Sunset from down in the draw along USFS Road No. 386.1F near the NW end of Smith Mountain.
Sunset from down in the draw along USFS Road No. 386.1F near the NW end of Smith Mountain.

Want more Lupe adventures?  Choose from Lupe’s Black Hills Expeditions Adventure Index or Master Adventure Index.  Or subscribe free to new Lupe adventures.

Black Hills, SD Expedition No. 207 – Peak 6720, Medicine Mountain, Peak 6680 & Copper Mountain (6-3-17)

Start 10:06 AM, 67°F, USFS Road No. 304 near the lower end of Tree Draw, about 4 miles S of Deerfield Road

Well, this was it!  Lupe trotted happily along the road leading up Tree Draw.  At least there was some shade.  It was already warm out.  Only a few little white clouds dotted the sunny blue sky.  Lupe’s pink tongue dangled so far out of her mouth, it looked like it ought to belong to a considerably larger Dingo.

Lupe was destined to spend a good deal of the day panting.  Summer was here!  Due to the heat, Expedition No. 207 would be her last Black Hills Expedition until cooler weather arrives in the fall.

Miss Enormous Pink Tongue on the way up Tree Draw on her last Black Hills expedition until cooler weather comes in the fall. Photo looks WNW.
At least the trees in Tree Draw provided some welcome shade. Photo looks WSW.

The road went W for 0.5 mile, then turned S for 0.375 mile.  Lupe was now approaching the upper end of Tree Draw.  The road angled SW and started climbing more steeply.  It faded away entirely at a barbed wire fence.  Lupe ducked under the fence, and quickly reached a minor pass.  This was the saddle NNW of Peak 6720, her first peakbagging destination for the day.

A broad, gently rounded ridge led SSE up to the top of the mountain.  On the way, Lupe dodged scattered deadfall timber.  Near the summit, the deadfall was worse and had fallen over the barbed wire fence, which unfortunately came up here, too.  SPHP lifted Lupe over the dangerous downed fence.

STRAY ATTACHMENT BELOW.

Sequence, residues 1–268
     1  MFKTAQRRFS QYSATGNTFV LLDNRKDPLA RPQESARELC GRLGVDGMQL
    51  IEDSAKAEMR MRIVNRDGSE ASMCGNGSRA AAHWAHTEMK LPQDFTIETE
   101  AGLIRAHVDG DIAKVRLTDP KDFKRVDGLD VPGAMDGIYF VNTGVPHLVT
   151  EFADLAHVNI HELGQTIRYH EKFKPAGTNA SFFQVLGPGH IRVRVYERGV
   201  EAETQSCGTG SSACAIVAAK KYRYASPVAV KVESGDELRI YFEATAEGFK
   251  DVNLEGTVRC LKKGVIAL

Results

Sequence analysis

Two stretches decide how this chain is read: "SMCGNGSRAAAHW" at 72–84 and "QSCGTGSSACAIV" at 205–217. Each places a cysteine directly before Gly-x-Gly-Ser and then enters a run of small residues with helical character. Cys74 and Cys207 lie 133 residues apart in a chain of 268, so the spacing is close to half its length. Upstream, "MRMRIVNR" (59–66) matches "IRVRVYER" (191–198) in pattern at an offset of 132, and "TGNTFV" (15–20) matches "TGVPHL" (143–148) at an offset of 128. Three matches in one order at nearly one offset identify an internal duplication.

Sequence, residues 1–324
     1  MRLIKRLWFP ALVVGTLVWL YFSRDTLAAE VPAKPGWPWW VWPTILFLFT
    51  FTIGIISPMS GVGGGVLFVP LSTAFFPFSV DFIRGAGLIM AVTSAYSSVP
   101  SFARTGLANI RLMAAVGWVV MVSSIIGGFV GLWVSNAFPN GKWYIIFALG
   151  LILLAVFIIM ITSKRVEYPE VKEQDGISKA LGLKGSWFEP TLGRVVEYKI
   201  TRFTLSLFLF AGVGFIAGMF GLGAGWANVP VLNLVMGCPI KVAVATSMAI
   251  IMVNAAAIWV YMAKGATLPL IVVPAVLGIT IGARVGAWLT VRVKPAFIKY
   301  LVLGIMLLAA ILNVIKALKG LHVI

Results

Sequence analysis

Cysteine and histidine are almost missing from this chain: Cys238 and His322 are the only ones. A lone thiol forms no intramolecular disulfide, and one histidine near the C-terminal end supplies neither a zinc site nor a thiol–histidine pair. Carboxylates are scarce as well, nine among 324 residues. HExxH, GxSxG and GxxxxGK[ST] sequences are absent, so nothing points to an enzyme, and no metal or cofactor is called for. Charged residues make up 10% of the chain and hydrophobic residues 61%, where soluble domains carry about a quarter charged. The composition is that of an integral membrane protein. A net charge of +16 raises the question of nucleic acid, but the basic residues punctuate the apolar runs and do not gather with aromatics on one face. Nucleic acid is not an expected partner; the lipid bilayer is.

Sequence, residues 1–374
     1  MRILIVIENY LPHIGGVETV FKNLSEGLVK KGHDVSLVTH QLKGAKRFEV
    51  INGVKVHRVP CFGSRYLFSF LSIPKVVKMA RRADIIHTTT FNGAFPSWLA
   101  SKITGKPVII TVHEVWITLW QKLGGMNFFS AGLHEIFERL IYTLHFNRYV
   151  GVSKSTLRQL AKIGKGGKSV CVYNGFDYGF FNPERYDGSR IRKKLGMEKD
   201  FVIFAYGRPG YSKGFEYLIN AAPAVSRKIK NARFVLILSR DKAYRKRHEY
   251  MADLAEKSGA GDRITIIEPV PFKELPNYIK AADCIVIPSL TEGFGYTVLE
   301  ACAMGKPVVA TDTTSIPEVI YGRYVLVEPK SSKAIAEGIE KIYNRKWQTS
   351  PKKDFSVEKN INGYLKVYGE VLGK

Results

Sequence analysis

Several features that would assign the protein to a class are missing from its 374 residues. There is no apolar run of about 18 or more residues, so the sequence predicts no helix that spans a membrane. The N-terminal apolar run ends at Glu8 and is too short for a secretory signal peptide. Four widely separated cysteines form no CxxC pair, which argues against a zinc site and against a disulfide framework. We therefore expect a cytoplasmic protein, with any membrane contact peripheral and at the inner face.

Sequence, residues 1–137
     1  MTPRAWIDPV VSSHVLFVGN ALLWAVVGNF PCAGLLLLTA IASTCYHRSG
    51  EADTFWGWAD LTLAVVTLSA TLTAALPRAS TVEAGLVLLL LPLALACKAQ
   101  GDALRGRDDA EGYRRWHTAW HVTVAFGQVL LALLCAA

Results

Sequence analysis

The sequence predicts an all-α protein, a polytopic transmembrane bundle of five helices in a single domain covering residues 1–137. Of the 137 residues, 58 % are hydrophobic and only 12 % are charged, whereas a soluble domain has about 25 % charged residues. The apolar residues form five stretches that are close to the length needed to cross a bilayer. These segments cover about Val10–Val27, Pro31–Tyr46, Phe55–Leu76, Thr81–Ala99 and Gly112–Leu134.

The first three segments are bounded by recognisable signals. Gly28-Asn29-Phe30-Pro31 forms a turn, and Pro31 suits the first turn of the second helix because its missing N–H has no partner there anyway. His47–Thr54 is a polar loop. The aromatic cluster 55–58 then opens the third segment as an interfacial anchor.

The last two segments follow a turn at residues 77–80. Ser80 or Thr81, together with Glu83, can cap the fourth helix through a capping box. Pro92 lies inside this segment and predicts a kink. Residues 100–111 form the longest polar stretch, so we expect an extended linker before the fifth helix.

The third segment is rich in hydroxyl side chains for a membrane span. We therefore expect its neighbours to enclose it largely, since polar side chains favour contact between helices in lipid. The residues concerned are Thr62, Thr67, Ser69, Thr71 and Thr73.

At the saddle on the ridge above Tree Draw. Lupe followed this broad ridge right on up to the top of Peak 6720, which is dead ahead. Photo looks SSE.

At the N end of the first sizable rock outcropping she came to, Lupe reached the true summit of Peak 6720.

Lupe on the true summit of Peak 6720. Photo looks NW.
Astride the highest rock formation at the N end of the summit ridge. Photo looks NNW.
Dingo on the Rocks.

The summit ridge sloped gradually down toward the SSE.  Beyond a gap of relatively level ground were more rock formations.  Lupe left the true summit to explore them, too.

Lupe went over to explore slightly lower rock formations farther along the ridge. Photo looks SSE.
The rock layers along the spine of Peak 6720 were tilted nearly straight up. A jumble of loose rocks lay scattered immediately below the highest ones. Photo looks SSE.

Fewer trees grew around the rock formations S of the true summit.  Lupe enjoyed better views from here, even though she wasn’t quite as high on the mountain as before.  She could see Sylvan Hill (7,000 ft.) off to the SE where she’d been only a week ago on Expedition No. 206.

Lupe liked scrambling around on the rocks strung out along the spine of Peak 6720. Here she’s at the top of the S high point. Sylvan Hill (7,000 ft.) where she had been only a week ago on Expedition No. 206 is seen on the horizon right behind her. Photo looks SSE.
Loopster enjoying being up on the S high point. Why not? The views were terrific! Photo looks SE.

Looking NNW back along the jagged spine of Peak 6720.
Black Elk Peak (7,231 ft.) (R of Center) from Peak 6720 with help from the telephoto lens. Photo looks SE.
Sylvan Hill (7,000 ft.) (L) and Peak 6733 (highest point on the far ridge on the R) from Peak 6720.  Lupe had been to both on Expedition No. 206.  Photo looks SSE.

It hadn’t taken long to get to Peak 6720, so Lupe wasn’t ready for much of a break yet.  She remained on the summit ridge only 20 minutes.  That was long enough to get a drink, scramble around on the rocks some, and see the views.

Medicine Mountain (6,878 ft.), 2 miles to the SSW, was next on the Carolina Dog’s peakbagging agenda.  Lupe left Peak 6720 heading straight on down the SW slope.  Progress was slow at first.  SPHP had to navigate a band of loose rock directly below the spine of the mountain.  This was followed by a much longer band of deadfall timber.  The deadfall was considerably worse here than on the way Lupe had gone up.